Stimulated emission depletion (STED) microscopy provides diffraction-unlimited resolution in fluorescence microscopy. Imaging at the nanoscale, however, requires precise alignment of the depletion and excitation laser foci of the STED microscope. We demonstrate here that adaptive optics can be implemented to automatically align STED and confocal images with a precision of .
© 2013 Optical Society of America
The advent of fluorescence nanoscopy has allowed biological imaging at spatial scales approaching the molecular level . The diffraction barrier has been surpassed using either point-spread-function (PSF) engineering through the targeted switching of fluorophores or through precise localization of single fluorophores whose emission is stochastically switched on and off . Of the former class of approaches, stimulated emission depletion (STED) microscopy  is the most common implementation. In STED microscopy, excited fluorophores are forced back to their electronic ground state by stimulated emission before they spontaneously fluoresce. This fluorescence-quenching transition is mediated by a so-called depletion laser whose wavelength is tuned to the red-shifted tail of the emission spectrum of the fluorophore. The focus of the depletion laser features a central intensity-zero that defines the subdiffraction region from which fluorescence may be emitted and collected. Optimal STED imaging therefore requires precise alignment of the intensity-zero of the STED focus to the center of the excitation focus. Conventionally, the relative alignment of the two laser foci has been achieved by imaging scattered laser light from gold beads and adjusting the position of one focus relative to the other until the PSFs align. However, this approach requires switching to a reflectance imaging mode and has typically relied on manual adjustment of the position of the foci. In this Letter, we present a novel automatic alignment approach for STED microscopy using adaptive optics, which allows relative spatial alignment of the depletion and excitation foci in all three dimensions. A key benefit of this method is that it uses feedback from the STED fluorescence images to ensure precise alignment of the two foci, thus avoiding any problems that arise from mismatch between reflection and fluorescence imaging modes.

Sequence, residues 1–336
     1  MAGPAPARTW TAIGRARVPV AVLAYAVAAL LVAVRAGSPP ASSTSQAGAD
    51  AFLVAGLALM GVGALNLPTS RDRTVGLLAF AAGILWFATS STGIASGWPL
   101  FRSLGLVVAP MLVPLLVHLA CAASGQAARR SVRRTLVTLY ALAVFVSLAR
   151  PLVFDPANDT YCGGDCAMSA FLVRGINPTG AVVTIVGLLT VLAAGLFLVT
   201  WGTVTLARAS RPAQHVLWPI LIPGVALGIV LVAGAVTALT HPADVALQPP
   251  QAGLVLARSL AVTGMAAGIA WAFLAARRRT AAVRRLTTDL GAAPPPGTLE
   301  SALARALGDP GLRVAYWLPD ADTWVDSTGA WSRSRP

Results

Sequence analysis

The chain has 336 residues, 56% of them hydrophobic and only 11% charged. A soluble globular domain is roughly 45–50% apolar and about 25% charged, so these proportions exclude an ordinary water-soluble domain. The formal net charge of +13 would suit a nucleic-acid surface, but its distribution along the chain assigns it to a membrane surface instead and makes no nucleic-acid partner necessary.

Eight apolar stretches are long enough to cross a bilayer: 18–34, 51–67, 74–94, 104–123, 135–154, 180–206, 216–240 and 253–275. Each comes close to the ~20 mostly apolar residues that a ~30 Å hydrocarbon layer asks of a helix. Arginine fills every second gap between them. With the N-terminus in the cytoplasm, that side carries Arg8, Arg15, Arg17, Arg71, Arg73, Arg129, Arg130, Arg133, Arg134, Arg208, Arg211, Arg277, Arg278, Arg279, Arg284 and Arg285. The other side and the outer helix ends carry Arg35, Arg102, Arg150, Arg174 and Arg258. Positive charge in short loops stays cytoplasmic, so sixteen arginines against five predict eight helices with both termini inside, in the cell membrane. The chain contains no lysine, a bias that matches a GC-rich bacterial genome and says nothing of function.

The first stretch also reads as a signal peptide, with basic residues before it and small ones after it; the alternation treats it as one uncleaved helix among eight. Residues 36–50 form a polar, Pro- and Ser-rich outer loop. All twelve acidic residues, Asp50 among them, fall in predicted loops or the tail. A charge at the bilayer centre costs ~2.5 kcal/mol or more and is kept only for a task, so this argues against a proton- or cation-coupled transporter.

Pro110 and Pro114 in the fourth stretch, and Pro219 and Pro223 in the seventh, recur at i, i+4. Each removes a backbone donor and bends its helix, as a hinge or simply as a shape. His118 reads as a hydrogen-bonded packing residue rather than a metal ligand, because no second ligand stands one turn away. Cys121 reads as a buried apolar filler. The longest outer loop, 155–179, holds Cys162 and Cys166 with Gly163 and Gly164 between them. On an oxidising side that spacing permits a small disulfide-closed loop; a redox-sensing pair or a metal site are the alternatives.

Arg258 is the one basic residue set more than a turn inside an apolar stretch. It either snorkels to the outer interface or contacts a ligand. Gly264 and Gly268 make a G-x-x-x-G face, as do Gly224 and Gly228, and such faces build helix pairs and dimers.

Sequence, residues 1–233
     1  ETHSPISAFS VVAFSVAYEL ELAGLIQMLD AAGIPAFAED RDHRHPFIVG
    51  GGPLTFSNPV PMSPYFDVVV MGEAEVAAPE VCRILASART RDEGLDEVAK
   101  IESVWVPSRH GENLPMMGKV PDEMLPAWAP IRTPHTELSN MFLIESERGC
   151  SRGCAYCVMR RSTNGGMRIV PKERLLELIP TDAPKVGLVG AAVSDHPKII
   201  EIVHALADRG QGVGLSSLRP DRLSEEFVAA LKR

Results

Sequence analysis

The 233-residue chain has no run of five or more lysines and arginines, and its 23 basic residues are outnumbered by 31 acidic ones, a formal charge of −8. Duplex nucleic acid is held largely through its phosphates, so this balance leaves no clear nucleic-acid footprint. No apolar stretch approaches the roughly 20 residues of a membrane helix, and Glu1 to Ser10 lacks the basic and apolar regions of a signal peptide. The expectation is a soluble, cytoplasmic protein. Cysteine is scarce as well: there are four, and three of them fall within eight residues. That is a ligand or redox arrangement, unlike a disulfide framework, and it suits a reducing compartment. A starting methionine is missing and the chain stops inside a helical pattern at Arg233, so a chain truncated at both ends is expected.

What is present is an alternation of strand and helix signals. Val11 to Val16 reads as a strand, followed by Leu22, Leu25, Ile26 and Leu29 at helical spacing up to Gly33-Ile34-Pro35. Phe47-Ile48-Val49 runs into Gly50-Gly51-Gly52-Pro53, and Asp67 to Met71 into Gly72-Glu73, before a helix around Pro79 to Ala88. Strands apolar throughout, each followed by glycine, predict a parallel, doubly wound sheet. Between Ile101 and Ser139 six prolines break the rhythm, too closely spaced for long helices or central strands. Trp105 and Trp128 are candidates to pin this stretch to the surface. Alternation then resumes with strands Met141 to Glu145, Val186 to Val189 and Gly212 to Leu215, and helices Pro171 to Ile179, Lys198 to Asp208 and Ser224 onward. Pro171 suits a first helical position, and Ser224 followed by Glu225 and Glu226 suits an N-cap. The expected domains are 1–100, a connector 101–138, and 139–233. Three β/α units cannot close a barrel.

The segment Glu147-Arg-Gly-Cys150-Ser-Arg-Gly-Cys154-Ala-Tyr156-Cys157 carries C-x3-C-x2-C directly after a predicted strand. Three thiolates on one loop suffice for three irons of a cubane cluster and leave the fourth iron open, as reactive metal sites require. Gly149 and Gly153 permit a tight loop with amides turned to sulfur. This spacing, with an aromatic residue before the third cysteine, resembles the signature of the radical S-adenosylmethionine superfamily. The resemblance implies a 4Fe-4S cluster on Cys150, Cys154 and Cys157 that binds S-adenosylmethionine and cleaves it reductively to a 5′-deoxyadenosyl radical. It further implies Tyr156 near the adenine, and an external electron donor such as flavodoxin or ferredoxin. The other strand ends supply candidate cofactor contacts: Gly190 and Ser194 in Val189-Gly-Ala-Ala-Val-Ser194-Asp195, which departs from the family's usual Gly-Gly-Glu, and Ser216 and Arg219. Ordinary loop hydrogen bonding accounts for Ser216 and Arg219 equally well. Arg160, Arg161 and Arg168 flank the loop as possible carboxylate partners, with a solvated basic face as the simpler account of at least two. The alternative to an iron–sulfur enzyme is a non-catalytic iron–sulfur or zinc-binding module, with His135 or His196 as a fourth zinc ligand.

Adaptive optics has previously been combined with STED microscopy by incorporating a spatial light modulator (SLM) in the depletion beam path . This allows not only modulation of the phase profile to generate a STED focus [5,6], but also adaptive correction of the system- and sample-induced aberrations that reduce the beam quality and compromise resolution . In this past study , adaptive correction of aberrations was achieved using a sensorless approach in which the quality of STED images was judged using a metric that accounts for both image brightness and resolution. Optimization of this metric permitted the indirect measurement (and hence correction) of aberrations. We demonstrate here that an SLM can also be used for automatic alignment of STED microscopes using a similar image-feedback loop. This approach determines the overlap of the depletion and excitation foci quantitatively based on an image quality metric, rather than on visual inspection or operator judgment. Though a STED microscope insensitive to drift has been proposed by coupling both beams into the same optical fiber , most STED systems rely on manual alignment, which can often limit the performance of these systems. With the approach presented here, manual positioning of laser foci is no longer required on a routine basis and the need for reflectance imaging capabilities is eliminated since fluorescent samples are used for the alignment procedure.